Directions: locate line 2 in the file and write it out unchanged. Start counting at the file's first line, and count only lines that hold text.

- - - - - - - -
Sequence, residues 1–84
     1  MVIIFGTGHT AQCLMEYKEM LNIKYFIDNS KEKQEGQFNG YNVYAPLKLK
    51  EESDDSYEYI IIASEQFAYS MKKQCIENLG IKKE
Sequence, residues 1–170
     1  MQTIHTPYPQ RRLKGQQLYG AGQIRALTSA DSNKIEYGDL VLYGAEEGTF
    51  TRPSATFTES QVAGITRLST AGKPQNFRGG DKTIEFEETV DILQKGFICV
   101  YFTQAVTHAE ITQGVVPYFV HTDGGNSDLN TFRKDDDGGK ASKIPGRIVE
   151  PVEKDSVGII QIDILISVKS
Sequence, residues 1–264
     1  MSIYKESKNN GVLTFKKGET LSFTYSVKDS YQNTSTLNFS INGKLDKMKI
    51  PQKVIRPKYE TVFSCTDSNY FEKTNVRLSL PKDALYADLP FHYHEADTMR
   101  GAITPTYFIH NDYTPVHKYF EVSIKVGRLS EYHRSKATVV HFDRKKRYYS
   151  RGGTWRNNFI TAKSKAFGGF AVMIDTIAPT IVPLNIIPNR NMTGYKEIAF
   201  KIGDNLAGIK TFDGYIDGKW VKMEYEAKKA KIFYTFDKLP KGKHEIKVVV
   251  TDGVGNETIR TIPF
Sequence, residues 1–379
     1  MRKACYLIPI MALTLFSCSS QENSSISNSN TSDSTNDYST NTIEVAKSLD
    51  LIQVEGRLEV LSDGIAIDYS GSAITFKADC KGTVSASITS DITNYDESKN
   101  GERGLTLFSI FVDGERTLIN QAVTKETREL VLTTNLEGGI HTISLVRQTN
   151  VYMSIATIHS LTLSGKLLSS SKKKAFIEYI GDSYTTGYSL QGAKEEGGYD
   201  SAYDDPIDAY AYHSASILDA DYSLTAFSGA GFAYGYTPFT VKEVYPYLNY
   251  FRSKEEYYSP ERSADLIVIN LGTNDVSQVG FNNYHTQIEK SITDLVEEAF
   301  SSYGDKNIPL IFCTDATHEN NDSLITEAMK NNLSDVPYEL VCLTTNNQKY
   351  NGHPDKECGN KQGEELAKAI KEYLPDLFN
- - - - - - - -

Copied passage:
     1  MVIIFGTGHT AQCLMEYKEM LNIKYFIDNS KEKQEGQFNG YNVYAPLKLK